Despite the cold temperatures, the grey skies and otherwise inhospitable weather, the robust real estate market in Prince Edward County (“The County”) shows no sign of abating in the first month of 2017. Rather the trends that were established in 2016 appear to be gathering momentum as we move into the new year, setting the stage for another season of strong demand, limited property supply, and thus a continuation of very tight market conditions. Indeed with the release of the Quinte and District Association of REALTORS® (“the Quinte Board”)’s numbers for January in its Enhanced Statistics Statistical Query Report for the wards that make up the County, it is safe to say that unless there is a significant increase in new listings, and property owners sitting on the fence decide to list their properties for sale, buyers will continue to be frustrated with limited choice and fierce competition for those properties which become available. This will inevitably have an upward pressure on average prices for County real estate, and as indicated, Quinte Board statistics confirm that this is exactly how things are playing out thus far in 2017.

 

As indicated in earlier reports, the smaller sampling of properties that comprise the County real estate market inevitably results in some statistical volatility given the particular make up and cross section of transactions at any given point, however, given the unique and special nature of the area and its characteristics, the reported real estate numbers for the County still give a reasonable indication of trends and market conditions prevailing in the area.
The Quinte Board reports that 30 properties sold in the County in January. That represents a remarkable 43% increase over last year’s numbers which came in at 21 sales in January 2016. This activity occurred despite the fact that new listings were down 17% with only 90 properties coming onto the market compared to 108 last year at this time. As stated, strong demand mixed with limited new supply means tighter inventory, and that is reflected by the significant reduction in active listings available on the market compared to the year previous, specifically a 230rop with 247 properties available compared to 321 last year at this time.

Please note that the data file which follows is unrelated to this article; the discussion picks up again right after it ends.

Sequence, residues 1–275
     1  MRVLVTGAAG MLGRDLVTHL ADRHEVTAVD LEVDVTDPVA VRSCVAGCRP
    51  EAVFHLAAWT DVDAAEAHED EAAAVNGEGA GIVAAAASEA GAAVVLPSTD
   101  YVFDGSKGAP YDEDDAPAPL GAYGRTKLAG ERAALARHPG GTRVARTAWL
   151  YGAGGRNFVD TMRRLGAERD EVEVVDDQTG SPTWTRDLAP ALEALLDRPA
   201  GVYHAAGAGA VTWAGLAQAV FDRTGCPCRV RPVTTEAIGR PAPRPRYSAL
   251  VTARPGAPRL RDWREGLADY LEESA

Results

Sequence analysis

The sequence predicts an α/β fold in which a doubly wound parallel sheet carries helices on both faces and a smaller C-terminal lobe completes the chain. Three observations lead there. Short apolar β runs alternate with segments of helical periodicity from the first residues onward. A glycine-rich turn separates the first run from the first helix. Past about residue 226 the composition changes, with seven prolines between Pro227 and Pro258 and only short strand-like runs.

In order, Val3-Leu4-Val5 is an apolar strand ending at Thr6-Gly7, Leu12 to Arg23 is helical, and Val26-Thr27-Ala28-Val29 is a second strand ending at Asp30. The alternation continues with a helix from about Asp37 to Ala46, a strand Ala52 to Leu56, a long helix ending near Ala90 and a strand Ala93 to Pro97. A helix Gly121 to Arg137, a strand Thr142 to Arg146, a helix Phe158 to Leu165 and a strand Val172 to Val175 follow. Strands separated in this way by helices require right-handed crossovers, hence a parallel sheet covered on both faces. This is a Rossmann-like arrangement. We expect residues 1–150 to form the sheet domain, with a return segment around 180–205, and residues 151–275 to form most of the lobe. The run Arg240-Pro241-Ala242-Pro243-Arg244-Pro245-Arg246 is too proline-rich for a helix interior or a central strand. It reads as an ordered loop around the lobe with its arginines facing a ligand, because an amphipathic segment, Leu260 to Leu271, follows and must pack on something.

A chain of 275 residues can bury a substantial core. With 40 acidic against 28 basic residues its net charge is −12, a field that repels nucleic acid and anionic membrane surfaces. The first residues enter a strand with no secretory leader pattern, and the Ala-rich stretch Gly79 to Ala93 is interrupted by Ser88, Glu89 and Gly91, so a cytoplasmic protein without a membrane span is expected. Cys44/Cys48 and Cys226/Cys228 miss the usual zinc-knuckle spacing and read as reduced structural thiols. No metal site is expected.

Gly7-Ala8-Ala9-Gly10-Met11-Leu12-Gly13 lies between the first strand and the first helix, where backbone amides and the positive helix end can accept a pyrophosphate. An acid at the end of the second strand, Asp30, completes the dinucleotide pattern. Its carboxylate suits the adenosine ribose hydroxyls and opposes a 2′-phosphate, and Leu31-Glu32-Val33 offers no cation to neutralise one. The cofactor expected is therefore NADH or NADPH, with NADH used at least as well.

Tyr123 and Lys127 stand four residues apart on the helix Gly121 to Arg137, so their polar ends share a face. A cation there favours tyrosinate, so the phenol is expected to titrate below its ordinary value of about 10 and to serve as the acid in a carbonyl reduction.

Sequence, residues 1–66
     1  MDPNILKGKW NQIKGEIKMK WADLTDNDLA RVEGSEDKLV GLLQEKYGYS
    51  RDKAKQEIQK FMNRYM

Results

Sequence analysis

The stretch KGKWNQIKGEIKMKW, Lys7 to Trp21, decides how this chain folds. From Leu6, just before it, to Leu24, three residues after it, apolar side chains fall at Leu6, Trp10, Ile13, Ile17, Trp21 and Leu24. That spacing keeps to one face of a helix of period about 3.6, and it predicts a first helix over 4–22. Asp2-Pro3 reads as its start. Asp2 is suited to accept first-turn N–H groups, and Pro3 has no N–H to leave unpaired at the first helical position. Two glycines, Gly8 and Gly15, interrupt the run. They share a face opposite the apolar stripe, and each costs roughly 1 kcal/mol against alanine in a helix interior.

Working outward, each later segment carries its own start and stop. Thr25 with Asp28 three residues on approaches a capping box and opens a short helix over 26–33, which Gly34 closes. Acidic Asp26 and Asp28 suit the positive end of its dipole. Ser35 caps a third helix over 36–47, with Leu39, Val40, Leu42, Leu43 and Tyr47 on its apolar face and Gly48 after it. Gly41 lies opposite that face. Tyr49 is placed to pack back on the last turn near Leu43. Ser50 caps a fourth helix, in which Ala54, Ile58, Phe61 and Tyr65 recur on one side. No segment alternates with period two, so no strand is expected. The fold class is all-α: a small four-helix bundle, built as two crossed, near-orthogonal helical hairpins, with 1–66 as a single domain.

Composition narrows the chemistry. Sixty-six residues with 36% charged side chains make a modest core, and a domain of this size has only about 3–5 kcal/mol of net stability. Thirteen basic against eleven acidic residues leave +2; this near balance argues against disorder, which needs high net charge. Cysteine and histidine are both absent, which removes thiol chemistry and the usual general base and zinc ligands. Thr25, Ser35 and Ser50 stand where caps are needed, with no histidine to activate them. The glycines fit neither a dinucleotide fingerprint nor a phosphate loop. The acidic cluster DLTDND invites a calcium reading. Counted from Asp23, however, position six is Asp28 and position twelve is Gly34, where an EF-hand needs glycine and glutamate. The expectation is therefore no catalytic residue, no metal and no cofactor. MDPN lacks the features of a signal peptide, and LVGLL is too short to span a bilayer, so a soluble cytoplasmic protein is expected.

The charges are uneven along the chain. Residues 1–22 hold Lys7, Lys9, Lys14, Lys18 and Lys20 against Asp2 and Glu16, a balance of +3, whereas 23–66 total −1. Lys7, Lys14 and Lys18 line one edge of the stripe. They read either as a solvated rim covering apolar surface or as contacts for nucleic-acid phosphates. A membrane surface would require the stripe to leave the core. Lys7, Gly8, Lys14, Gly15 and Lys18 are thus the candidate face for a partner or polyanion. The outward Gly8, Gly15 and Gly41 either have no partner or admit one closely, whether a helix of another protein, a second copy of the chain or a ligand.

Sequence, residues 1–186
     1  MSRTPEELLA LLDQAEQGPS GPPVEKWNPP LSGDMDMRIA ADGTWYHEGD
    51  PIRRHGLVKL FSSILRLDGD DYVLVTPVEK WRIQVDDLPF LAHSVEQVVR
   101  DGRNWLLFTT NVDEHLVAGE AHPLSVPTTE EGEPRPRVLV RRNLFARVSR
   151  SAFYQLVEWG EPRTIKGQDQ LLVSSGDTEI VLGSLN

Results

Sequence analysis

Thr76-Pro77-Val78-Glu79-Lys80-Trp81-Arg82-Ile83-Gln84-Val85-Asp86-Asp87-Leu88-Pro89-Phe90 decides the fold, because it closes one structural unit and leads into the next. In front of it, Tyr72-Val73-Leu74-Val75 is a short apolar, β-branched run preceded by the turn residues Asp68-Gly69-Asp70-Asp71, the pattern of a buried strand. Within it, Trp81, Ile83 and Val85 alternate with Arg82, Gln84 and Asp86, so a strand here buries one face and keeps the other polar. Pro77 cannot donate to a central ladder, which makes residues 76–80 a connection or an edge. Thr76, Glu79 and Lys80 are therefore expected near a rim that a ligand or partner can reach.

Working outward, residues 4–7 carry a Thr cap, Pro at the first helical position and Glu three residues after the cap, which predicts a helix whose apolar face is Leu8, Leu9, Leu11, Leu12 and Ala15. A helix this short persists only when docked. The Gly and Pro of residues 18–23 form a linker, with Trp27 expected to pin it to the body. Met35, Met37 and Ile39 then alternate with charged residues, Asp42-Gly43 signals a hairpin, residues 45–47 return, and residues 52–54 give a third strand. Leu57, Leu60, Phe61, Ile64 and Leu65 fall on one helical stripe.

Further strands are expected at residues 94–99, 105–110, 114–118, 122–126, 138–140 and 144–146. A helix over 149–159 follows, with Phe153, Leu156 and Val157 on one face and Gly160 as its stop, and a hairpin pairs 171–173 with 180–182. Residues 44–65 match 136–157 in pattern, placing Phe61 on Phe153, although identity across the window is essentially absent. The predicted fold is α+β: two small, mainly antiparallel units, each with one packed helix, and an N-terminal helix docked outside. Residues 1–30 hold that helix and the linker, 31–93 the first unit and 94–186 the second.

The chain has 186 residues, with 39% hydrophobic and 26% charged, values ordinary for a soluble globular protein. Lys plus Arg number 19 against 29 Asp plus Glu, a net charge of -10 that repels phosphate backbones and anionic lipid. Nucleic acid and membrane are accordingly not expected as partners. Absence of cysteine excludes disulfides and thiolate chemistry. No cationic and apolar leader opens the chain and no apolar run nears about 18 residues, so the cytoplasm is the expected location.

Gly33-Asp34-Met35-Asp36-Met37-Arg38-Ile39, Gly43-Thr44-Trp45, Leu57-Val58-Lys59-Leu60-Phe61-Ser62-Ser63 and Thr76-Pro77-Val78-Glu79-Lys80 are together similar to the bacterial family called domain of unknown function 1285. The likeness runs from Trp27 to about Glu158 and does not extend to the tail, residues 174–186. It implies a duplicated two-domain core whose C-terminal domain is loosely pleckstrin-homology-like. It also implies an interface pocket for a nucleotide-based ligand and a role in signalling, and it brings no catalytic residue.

Not surprisingly, properties also sold somewhat faster than they did last year with the average days on market moving down from 66 to 64. and prices did in fact go up with the average recorded sale price increasing 17% year over year coming in at $282,777 in contrast to one year ago when it was calculated to be $241,330.
 
 
As also mentioned in earlier reports, while almost an island in geographical terms, the County is not one for the purposes of real estate market trends. Tight market conditions are being experienced across the entire Quinte Board with new listings down 9% in January while sales are up by 11% and total dollar volume is showing a 21% increase over last year’s numbers at this time. These statistical trends are being experienced in most real estate markets across Southern Ontario, and are likely to persist well into the foreseeable future with increasing reports of tight urban markets and surging prices, particularly in the Greater Toronto Area, pushing the limits of affordability and therefore buyers further afield to satellite markets and neighbouring communities to locate and secure affordable housing. Technology, and in some cases growing and increasingly creative work/live commuting options are having an impact on the areas being considered by Buyers, and this is likely one of the factors having an impact on demand in the County real estate market.
 
While there is some tightening in qualification and lending approval requirements, rates remain low and economic conditions continue to be relatively stable supported by positive regional employment reports. In addition, demographic forecasts call for ongoing strong immigration trends for Southern Ontario well into the foreseeable future, all of which should bode well for continuing growth for the County real estate market.
 
Prepared by:Richard Stewart Vice President & Legal Counsel